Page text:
Background: It has been demonstrated that human milk from mothers who have been infected with severe acute respiratory syndrome coronavirus 2 (SARS-CoV-2) contains antibodies against the virus, which could play an important role in protecting the recipient infant against coronavirus disease 2019 (COVID-19). Seroconversion is measured frequently around the world, but the milk conversion rate is unknown.
Research aims: To determine (1) the prevalence and (2) the dynamics of immunoglobulin A (IgA) antibodies against SARS-CoV-2 in human milk amongst lactating mothers in the Netherlands.
Methods: In this large prospective cohort study, lactating mothers (N = 2312) were included between October 12, 2020 and February 24, 2021. Enzyme-linked immunosorbent assay was used to determine levels of IgA antibodies in human milk and immunoglobulin G (IgG) antibodies in serum against the ectodomain of the SARS-CoV-2 spike protein.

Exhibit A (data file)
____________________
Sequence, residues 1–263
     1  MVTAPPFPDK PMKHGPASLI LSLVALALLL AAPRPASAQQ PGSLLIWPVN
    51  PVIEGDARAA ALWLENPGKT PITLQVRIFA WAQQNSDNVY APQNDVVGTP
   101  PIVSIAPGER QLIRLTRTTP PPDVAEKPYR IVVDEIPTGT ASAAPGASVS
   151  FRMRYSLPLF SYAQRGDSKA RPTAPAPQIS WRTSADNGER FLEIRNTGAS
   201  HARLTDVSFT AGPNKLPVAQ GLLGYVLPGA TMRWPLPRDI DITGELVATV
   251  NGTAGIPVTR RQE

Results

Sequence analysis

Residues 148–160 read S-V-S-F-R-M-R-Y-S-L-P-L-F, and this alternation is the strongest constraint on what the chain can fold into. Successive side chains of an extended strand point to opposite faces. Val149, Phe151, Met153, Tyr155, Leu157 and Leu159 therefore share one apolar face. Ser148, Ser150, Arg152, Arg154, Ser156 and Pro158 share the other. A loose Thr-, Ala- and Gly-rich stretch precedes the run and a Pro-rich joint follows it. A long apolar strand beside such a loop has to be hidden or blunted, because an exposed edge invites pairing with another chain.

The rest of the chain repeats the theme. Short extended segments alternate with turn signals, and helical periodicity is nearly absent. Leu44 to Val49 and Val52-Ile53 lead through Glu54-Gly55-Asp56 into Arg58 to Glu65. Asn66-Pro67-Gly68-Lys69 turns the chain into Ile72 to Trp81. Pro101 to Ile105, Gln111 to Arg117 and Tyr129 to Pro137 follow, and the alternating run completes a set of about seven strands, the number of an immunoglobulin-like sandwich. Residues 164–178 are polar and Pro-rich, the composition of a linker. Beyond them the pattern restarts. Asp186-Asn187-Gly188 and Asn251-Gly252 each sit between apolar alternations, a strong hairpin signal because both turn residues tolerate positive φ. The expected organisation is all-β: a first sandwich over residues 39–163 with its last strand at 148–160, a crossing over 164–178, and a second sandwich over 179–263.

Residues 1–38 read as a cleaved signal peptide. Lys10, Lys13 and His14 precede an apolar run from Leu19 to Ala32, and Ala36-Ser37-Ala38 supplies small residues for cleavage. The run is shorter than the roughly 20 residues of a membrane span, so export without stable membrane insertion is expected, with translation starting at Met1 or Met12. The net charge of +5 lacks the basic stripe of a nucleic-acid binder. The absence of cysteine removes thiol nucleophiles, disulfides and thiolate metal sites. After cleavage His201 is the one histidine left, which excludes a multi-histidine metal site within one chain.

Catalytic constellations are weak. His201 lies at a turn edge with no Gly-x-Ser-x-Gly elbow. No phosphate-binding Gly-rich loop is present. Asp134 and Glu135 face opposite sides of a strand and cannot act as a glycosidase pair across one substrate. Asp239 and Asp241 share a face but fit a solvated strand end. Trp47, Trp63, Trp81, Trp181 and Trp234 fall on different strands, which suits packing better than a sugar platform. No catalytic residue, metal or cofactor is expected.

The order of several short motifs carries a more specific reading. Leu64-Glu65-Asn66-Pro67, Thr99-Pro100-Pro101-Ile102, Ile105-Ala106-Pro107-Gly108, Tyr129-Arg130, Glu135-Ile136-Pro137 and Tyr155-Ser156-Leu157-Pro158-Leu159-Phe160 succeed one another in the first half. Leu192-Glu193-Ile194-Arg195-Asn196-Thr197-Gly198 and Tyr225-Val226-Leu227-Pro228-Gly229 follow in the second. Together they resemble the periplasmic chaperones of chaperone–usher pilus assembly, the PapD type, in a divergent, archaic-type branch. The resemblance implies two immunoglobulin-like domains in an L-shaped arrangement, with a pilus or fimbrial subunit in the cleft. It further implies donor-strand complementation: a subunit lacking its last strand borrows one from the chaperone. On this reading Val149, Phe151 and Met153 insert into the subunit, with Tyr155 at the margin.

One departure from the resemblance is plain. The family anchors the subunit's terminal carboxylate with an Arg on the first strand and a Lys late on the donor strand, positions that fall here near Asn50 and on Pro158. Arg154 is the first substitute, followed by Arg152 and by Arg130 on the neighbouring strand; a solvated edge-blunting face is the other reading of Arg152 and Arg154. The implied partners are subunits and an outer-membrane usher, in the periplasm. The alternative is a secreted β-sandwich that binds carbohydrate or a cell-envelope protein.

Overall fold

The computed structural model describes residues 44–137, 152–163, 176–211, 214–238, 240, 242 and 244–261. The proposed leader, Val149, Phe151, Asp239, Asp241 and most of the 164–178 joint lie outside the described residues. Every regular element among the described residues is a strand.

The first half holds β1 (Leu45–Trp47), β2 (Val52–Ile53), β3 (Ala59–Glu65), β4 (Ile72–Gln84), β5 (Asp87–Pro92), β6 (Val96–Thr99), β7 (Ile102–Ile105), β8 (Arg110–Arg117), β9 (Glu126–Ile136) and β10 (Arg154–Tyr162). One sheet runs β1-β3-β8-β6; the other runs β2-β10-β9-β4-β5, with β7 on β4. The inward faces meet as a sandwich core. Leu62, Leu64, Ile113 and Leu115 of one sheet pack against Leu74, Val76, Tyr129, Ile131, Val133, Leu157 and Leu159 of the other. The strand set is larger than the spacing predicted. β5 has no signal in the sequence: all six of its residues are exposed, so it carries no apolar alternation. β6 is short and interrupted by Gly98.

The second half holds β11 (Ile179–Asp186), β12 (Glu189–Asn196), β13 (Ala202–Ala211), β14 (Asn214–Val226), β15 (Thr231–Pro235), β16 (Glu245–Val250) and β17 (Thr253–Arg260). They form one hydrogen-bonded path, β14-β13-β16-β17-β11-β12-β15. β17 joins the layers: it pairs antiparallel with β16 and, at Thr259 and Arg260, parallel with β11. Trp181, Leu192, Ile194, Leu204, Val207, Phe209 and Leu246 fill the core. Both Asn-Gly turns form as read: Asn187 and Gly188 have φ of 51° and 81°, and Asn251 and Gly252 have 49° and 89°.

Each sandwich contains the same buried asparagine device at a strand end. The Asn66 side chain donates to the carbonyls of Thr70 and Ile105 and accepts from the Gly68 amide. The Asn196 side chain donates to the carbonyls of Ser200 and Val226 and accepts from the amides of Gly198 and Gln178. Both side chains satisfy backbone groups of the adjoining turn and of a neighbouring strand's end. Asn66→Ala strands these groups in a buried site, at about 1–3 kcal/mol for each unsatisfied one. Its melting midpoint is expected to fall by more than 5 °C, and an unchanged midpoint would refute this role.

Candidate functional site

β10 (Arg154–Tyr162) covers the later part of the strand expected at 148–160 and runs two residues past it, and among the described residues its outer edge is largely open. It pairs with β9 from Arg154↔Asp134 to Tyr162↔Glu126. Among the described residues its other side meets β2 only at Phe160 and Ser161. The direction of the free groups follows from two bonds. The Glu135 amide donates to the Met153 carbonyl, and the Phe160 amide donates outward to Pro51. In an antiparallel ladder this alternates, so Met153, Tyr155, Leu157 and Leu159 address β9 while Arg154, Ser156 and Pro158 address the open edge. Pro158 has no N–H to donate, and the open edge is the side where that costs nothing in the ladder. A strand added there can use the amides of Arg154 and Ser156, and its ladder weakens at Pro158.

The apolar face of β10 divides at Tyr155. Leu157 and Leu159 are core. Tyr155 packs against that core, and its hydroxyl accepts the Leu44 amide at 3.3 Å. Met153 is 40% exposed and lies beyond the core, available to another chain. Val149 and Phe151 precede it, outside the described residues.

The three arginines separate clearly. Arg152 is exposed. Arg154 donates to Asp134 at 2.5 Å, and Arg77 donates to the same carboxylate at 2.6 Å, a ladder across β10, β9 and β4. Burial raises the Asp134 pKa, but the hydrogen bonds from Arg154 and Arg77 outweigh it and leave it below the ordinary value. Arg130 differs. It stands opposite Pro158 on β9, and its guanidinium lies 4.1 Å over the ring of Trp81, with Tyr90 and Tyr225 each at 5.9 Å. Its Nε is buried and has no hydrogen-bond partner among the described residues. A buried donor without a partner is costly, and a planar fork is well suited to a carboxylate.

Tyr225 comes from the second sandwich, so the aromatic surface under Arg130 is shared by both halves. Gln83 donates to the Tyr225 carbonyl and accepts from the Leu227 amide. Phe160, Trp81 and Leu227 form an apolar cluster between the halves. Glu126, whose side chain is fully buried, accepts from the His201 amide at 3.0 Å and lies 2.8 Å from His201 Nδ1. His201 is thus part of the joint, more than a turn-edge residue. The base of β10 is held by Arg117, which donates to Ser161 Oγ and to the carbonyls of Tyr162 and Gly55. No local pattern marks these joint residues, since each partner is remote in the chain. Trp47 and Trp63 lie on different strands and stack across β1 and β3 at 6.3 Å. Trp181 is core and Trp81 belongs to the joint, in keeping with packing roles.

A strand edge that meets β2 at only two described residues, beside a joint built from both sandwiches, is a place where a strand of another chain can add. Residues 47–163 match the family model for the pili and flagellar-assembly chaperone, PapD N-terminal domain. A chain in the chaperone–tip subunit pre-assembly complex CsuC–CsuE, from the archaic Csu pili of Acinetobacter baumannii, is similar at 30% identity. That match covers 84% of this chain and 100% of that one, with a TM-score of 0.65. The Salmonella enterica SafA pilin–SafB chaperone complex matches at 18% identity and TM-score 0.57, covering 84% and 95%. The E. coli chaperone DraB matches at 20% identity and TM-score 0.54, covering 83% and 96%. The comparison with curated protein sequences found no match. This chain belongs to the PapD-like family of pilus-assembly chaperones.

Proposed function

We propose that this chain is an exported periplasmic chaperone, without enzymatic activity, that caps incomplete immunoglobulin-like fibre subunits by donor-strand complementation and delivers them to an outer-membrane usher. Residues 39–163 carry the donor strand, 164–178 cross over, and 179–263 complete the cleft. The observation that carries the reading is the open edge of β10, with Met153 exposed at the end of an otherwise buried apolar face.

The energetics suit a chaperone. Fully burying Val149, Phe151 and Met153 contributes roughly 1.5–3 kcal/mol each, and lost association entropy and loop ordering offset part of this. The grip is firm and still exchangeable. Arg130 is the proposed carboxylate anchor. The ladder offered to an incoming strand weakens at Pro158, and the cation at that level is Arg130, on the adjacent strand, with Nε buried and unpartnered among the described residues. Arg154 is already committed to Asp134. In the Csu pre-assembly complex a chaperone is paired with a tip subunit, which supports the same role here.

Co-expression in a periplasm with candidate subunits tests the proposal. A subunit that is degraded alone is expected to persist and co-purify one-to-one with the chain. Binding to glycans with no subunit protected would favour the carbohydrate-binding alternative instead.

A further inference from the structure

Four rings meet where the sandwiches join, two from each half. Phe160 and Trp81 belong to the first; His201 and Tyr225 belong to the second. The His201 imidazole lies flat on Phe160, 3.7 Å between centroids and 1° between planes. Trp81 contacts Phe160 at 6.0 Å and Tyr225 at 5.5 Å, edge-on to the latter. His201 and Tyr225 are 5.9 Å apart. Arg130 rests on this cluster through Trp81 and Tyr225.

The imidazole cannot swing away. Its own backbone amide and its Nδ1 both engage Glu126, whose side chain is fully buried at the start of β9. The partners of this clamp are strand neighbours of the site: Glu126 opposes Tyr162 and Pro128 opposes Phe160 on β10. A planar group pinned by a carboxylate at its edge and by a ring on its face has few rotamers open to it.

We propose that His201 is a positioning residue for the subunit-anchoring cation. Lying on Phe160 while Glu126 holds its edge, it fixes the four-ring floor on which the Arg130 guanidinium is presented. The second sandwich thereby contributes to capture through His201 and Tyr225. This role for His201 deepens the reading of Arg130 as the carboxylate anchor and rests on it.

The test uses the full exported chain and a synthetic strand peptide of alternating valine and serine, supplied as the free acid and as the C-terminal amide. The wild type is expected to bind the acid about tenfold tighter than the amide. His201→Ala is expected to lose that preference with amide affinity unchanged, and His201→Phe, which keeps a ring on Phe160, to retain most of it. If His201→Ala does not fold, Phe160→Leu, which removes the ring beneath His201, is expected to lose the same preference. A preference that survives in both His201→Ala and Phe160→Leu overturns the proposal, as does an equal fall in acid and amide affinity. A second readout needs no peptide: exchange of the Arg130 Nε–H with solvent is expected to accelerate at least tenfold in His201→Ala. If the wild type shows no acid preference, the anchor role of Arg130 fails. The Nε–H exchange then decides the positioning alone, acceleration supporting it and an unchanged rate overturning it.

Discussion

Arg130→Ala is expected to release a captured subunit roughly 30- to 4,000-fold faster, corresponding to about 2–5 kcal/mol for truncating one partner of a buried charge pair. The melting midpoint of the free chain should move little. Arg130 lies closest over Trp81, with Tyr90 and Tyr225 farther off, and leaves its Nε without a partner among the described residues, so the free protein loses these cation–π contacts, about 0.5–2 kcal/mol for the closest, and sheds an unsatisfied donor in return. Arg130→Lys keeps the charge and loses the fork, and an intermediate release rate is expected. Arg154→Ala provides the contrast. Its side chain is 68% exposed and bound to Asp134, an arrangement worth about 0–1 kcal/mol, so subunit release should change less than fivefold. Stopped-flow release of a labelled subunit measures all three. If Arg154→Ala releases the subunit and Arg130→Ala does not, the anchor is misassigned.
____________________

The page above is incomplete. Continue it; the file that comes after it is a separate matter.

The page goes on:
Results: A total of 691 (30.6%) participants had SARS-CoV-2 specific antibodies in human milk and/or serum. Of these participants, 524 (23.1%) had IgA antibodies against SARS-CoV-2 in human milk, and 356 (15.7%) had IgG antibodies against SARS-CoV-2 in serum. A total of 199 (8.8%) participants had antibodies in both human milk and serum. SARS-CoV-2 specific IgA antibodies in human milk remain present at least 10 months after a polymerase chain reaction confirmed infection.
Conclusion: The prevalence of IgA antibodies against SARS-CoV-2 in human milk was 23.1% in our cohort. This high prevalence of antibodies in human milk might lead to passive immunity in many breastfed infants and may serve as protection against COVID-19.
Keywords: COVID-19; breastfeeding; breastmilk; coronavirus; immunoglobulins; lactation secretory IgA; spike protein.